Kamu-kamu, down the red dirt road.

Right before I left for Uganda I received a message from a dear friend of mine. She said, “I’ve been meaning to tell you this Ugandan phrase I know, ‘kamu-kamu’. It means one step at a time.” She went on, “I think you are going to need it. Just remember, ‘kamu-kamu.'”

She was right, that phrase has served me well during this project. And now that we are in our final steps together I want to reflect with you a little bit before it is time to say good-bye.

Today I met with the kids for our second to last practice together. It was a day full of confidence and peace: Confidence in the children and peace within my own soul. We did a group run, looping a few times through a village near Coorom School.


There we were, all the boys, all girls, and one Muzonga, moving joyfully through another humid African day, sloping down red dirt roads. And, if only the roads could tell tales of the bloodshed they’ve seen- things most of us can not imagine. Running here you would never guess the region’s history. And looking forward, words like renewal, restoration, and regrowth come to mind.

Uganda’s ugly past and present beauty relate so vividly to the following passage.

“To appoint unto them that mourn in Zion, to give unto them beauty for ashes, the oil of joy for mourning, the garment of praise for the spirit of heaviness; that they might be called trees of righteousness, the planting of the Lord, that he might be glorified.”—Isaiah 61:3.

The children I have worked with: Their lives, ashes. Their orphanhood, a mourning. The memories they carry, heaviness on their backs. And yet, grace and loveliness are not just in their striking faces, but also in their actions. Within their undernourished, neglected bodies they possess abundant joy and hope.

In only a few shorts weeks these developing distance runners have grown to be a team; self-directed, self-organized and united. Today they confirmed that I can leave with peace in my mind and heart, and full confidence that they will do wonderfully without me. I have successfully passed along my passion, and in doing so, I’ve enabled and empowered them- which was exactly the point. Their own champion spirits will continue to sway them towards greatness.


Today’s practice served as an illustration. Though their *first coach is leaving, they are going to find success all on their own. Here’s what I mean:

Like I mentioned before, today we ran a familiar loop. The “big loop,” as we call it, is 1.4 miles (or 2k) and traces down one road and then back through a village, finishing at the field near the school. After a half-mile warm-up we gathered and I explained that everyone had the choice to do 2 or 3 big loops. It was totally up to them, no pressure, no competition. Just an “easy-peasy” day, as I’ve come to say. (And yes, they respond with “lemon squeezy.” It’s awesome.)

Much to my surprise the whole group did all three loops! That’s a proud moment for me. They wanted to run longer- a distance coach’s dream!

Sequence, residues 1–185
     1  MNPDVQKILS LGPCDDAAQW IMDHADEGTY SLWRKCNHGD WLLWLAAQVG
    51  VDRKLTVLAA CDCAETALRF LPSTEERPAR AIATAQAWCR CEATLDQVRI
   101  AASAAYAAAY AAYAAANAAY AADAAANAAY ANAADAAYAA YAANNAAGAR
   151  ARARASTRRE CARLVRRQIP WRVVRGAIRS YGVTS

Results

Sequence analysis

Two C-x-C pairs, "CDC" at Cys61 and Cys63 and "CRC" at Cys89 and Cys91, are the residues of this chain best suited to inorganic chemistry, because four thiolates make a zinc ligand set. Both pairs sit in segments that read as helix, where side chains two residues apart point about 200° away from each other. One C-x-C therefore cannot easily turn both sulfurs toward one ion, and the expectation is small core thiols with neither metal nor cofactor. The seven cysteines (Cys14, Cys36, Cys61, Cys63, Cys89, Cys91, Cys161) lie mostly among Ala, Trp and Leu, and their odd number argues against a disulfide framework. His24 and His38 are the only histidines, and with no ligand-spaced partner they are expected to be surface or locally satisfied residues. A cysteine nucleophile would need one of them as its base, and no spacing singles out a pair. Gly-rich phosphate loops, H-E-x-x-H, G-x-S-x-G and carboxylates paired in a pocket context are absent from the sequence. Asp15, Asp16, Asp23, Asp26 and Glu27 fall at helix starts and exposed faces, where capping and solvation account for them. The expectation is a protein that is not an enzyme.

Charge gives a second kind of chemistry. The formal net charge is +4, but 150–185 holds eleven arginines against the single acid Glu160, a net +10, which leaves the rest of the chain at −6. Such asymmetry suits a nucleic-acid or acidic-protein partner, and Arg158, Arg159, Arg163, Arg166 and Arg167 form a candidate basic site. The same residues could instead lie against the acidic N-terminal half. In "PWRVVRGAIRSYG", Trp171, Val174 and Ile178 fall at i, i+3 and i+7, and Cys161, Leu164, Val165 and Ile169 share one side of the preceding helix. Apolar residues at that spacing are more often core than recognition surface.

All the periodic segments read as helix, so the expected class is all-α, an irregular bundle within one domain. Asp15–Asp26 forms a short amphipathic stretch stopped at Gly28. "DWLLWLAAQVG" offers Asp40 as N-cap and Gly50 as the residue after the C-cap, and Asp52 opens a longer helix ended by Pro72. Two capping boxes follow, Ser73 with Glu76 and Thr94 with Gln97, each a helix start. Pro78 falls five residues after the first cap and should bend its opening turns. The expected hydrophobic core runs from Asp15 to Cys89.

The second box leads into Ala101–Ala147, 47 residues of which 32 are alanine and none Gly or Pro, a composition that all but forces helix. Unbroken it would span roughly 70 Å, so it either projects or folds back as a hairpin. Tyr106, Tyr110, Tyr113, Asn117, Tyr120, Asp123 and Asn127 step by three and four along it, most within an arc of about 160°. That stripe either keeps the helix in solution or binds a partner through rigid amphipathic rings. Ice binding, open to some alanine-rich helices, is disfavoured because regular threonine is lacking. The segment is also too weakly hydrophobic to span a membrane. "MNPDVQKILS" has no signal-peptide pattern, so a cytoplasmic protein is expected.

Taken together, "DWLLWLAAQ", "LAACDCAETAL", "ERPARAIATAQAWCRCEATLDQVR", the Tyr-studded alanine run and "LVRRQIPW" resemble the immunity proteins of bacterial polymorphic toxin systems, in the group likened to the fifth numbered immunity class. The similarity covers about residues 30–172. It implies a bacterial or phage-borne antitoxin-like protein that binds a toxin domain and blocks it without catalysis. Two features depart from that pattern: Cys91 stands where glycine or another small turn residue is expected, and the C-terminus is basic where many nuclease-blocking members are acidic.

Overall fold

During our last loop I heard women to my right whooping and hollering, cheering and clapping. As they came into sight I saw them leap off their work stools, drop the clothes they’d been washing and jump up and down with smiles on their faces as we ran by. They yelled, “Well done, well done!” The kids laughed and I asserted that the cheers were for them.

We reached the field, our finish, and without me saying a word the team got in a big circle and began stretching. I did not lead the stretches, instead I stepped back and watched as one of their peers entered the center of the circle. His name is Isaac. Isaac, lost both parents in the war, spent time in the LRA’s captivity and currently leads his household, living with his younger siblings in a mud hut, just trying to get by. With a story like his we might expect him to be bitter, angry and recluse. But instead, Isaac is kind, he is smart, he works hard, he has a great smile- that he lends from time to time- and he is a natural born leader. Needless to say, I was proud to see him leading the group.

Then, in the midst of admiring Isaac’s leadership and the team’s self-sufficiency, I caught a glimpse of this little guy (maybe 4 years old?) who must have joined us from one of the houses in the village during our last time through. He was taking Isaac’s stretches quite seriously, mimicking everything he saw.


It is moments like this that I know for sure that running has and will continue to bring these kids joy. Not only do they want to run as far as they can, but the local community encourages their activity, the kids are taking the lead at practice and the little ones want to join in. This project seems to be the start of something wonderful, positive- and even beautiful.

To a group of children who deserve the very best, I will miss you.

To my friends and supporters near and far, kamu-kamu.

Ameri matek,


* I developed and implemented this running program with high hopes to pass it on to Children of Peace Uganda. I am please to tell you that they have decided to continue this running program with the children they serve. One of their staff has agreed to take over the “coach” position and I couldn’t be happier!

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